In a 1998 photo, passengers poke their heads out of train windows to watch the scenery disappear.

Always En Route

“I have been shooting people on trains for over 40 years, and I could have never captured so much without profound love for the railways.” Wang Fuchun lived near a train station as a child and developed a special bond with the rails. “Since picking up a camera, I have never stopped shooting stories of trains and the people on trains.”

Wang took his camera more than 100,000 kilometers on 1,000 trains across the four decades. From Mohe in the north to Guangzhou in the south, from Golmud in the west to Shanghai in the east, the photographer has traversed the furthest reaches of the country taking pictures all along the way to capture not just his journey, but the nation’s.

In a 1978 photo, train attendants help an elderly woman board at Sankeshu Railway Station (Now Harbin East Railway Station).

When asked to choose his favorite piece of work, Wang dodges, calling his various pictures apples and oranges because the unique stories behind them cause different feelings. One picture that moved Wang profoundly was of a girl sleeping in a crowded passenger car on a train heading to Nanning, Guangxi Zhuang Autonomous Region, in 1995. The subject was only five or six years old and naked from the waist up. Covered in dirt and sweat on the floor, she still managed to sleep peacefully propped against the train door. “I hesitated to take that picture because I felt sorry and even guilty that I could not help,” he admits. “It was painful to click the shutter. Luckily, you don’t see such conditions any more as people’s lives and transportation methods have improved.”

He also snapped happy stories. Some are adorable, like newlyweds taking a train on their honeymoon and intimate lovers cuddled together under a blanket. Some are touching, like families saying goodbye through the train window, a monk in a robe treating a girl with traditional Chinese medical methods, and a guide dog helping people with visual impairments board. Some feature religion such as Muslims praying on trains, and some capture ethnic flair like Tibetans singing and dancing in passenger cars. However, he also witnessed precious scenes that he could not capture, like when a train attendant stopped him from taking pictures of a woman giving birth on a train.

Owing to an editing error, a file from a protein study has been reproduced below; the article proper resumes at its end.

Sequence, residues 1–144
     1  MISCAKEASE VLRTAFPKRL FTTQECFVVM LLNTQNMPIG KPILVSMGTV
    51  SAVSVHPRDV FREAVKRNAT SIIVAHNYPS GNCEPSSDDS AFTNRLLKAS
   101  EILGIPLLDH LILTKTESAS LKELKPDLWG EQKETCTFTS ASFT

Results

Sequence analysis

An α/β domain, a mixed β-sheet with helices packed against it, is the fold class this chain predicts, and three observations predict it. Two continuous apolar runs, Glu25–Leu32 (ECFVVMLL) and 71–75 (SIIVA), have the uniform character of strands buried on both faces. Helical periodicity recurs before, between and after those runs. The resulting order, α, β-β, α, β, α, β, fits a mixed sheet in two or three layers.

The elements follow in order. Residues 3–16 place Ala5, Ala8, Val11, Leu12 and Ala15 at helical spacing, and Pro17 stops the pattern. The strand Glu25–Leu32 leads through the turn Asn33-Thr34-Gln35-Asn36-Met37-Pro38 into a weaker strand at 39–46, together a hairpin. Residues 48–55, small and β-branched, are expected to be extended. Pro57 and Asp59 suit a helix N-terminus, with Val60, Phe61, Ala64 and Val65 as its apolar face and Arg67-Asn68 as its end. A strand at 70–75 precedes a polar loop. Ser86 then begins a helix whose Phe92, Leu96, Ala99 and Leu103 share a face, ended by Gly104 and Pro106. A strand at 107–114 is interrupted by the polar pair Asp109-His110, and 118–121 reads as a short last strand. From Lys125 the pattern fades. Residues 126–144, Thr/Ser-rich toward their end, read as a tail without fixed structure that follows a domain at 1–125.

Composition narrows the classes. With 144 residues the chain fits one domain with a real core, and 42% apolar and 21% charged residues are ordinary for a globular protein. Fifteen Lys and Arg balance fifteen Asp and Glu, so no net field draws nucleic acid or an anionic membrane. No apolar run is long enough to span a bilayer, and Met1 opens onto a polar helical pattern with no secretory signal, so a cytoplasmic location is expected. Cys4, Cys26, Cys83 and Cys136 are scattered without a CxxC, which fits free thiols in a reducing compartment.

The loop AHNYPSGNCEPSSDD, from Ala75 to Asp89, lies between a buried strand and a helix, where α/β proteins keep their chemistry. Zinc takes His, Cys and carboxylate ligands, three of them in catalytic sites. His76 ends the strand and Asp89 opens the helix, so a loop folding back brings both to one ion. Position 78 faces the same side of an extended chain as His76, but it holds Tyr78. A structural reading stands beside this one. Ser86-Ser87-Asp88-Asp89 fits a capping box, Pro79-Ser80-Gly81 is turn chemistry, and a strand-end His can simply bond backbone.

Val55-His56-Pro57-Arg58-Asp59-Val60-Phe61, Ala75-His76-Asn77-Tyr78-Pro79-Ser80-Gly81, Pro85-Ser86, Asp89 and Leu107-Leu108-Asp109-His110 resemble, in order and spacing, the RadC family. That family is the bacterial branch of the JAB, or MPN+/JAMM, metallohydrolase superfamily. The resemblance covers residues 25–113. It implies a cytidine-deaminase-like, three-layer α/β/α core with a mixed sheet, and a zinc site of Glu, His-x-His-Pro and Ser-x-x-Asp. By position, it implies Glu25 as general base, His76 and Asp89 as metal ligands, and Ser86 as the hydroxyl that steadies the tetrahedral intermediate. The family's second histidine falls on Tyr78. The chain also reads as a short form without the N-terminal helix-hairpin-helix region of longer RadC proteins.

Wang has devoted his life to this special undertaking. He has suffered headaches and severe loss of sleep because of altitude sickness, passed out in the sweltering heat of southern China and been reprimanded and even accused of theft due to carrying cameras all over the trains. “My heart still pounds when I look back at my most dire moment,” Wang declares. Once, a train started leaving a station before he got back on, so he grabbed onto the door, hoping to jump in. The train suddenly accelerated, flinging him into the air as he held onto the door for dear life. Luckily, the passengers and attendants pulled him in, but he was too scared to stand. When they chided him not to risk his life over missing a train, he noted that he had left his camera on the train.

Wang believes every precious experience has flavored his life.

Like the lace between stunning pearls, The Chinese on Trains connects historical moments together. It captures the memories of the nation and its people and the changes of the times in a way that will resonate with all humans. The photos have already been shown in multiple countries, and an exhibition titled “The Chinese on Trains in the Eyes of Wang Fuchun” started a three-year itinerant run in Britain, the birthplace of steam engines. The British National Railway Museum’s representative for exhibition affairs remarked that although the pictures were taken in China, Mr. Wang captured common scenes that connect to all lives. Trains connect people and make journeys worth remembering.

Layout by Tian Yuerong